A 25-kilometre fence to support predator control in the Marna Banggara project area was erected throughout 2019 and 2020.
The 1.8m high chain link fence snakes across the Peninsula from north to south; Flaherty Beach to Sturt Bay. As the Peninsula looks similar to a foot, the fence is approximately situated at the point of the ‘ankle’.
Fast Fence Facts
- Has 30 gates for farming and landholder access
- It’s designed to be ‘leaky’: the fence is open at all major roads and thoroughfares
- ‘Wings’ installed at major roadways will steer animals like kangaroos away from vehicle traffic
- Its ‘floppy top’ prevents feral cats climbing over
- A ground-level wire mesh skirt deters animals, like foxes, from digging underneath
While the fence might appear unfinished with its ‘floppy top’, it was designed this way to prevent feral cats from climbing over. The fence also has a 30cm wire mesh skirt secured at the base to deter foxes or other animals from digging underneath. The fence design is similar to other wildlife management project fences in Australia, including Arid Recovery, a 123km2 wildlife reserve in SA’s arid north. Marna Banggara’s fence has gaps at major roadways, as the project area is part of working landscape that’s home to farming country, businesses and a thriving community.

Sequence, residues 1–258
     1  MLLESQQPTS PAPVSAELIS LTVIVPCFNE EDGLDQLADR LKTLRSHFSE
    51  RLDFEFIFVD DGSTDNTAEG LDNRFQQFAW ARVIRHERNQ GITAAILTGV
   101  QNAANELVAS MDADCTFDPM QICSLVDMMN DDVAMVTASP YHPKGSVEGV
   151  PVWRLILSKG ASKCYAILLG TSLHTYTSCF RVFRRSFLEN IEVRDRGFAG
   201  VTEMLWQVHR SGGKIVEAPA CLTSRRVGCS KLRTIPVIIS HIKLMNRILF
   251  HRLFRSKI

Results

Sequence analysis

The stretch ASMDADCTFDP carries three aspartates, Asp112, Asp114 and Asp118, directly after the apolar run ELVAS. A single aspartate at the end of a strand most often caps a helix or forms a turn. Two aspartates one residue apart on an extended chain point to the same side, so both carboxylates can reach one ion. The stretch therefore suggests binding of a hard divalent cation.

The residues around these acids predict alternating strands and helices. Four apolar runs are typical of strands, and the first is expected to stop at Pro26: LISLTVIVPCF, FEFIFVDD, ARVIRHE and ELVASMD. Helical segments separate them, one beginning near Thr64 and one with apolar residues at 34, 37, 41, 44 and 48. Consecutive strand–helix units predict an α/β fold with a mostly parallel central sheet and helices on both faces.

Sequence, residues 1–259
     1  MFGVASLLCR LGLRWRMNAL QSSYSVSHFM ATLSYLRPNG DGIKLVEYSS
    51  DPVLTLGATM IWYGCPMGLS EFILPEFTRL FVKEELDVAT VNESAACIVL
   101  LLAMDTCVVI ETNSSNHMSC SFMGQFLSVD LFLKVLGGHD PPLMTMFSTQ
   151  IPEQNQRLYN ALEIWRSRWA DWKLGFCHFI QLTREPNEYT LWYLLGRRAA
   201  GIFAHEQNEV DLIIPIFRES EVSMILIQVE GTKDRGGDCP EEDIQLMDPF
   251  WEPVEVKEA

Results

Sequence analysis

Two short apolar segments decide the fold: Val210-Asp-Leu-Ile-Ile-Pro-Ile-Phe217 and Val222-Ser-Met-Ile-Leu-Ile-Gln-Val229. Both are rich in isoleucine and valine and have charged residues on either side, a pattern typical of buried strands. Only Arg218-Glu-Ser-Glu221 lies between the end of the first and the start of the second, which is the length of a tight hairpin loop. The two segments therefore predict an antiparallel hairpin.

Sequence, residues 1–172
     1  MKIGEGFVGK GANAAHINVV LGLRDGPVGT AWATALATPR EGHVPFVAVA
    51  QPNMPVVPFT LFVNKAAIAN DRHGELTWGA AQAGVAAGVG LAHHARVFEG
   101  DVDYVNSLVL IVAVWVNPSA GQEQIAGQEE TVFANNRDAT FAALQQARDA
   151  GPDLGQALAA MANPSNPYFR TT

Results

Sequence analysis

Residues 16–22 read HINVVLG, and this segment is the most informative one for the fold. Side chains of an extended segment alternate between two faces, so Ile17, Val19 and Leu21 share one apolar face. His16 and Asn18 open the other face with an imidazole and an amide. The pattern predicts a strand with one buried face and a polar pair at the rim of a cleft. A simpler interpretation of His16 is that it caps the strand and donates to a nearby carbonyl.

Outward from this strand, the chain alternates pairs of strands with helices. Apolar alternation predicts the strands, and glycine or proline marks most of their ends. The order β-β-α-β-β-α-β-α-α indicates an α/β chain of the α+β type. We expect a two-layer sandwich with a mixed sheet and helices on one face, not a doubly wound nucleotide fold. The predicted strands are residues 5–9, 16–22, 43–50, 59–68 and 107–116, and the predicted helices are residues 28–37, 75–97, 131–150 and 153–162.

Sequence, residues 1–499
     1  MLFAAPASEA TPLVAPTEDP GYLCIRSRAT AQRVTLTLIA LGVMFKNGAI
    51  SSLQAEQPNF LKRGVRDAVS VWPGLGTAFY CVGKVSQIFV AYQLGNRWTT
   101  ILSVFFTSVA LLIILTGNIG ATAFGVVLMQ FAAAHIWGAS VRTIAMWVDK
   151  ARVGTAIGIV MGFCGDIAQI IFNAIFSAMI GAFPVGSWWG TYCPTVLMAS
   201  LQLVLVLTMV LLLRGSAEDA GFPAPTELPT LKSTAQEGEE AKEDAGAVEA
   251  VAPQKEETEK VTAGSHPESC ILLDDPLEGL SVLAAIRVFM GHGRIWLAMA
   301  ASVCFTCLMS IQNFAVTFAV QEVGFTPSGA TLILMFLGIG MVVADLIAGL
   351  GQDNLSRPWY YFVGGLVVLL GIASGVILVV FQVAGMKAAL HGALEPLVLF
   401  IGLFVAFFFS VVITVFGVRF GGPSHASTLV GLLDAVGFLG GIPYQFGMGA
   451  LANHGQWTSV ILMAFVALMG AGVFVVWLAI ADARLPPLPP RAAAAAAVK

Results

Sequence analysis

Who paid for the fence?
This project is jointly funded through the Australian Government’s National Landcare Program, the Northern and Yorke Landscape Board, the South Australian Department for Environment and Water and WWF-Australia. The fence aims to prevent foxes from moving down the peninsula into the project area, reducing fox control costs over the long term.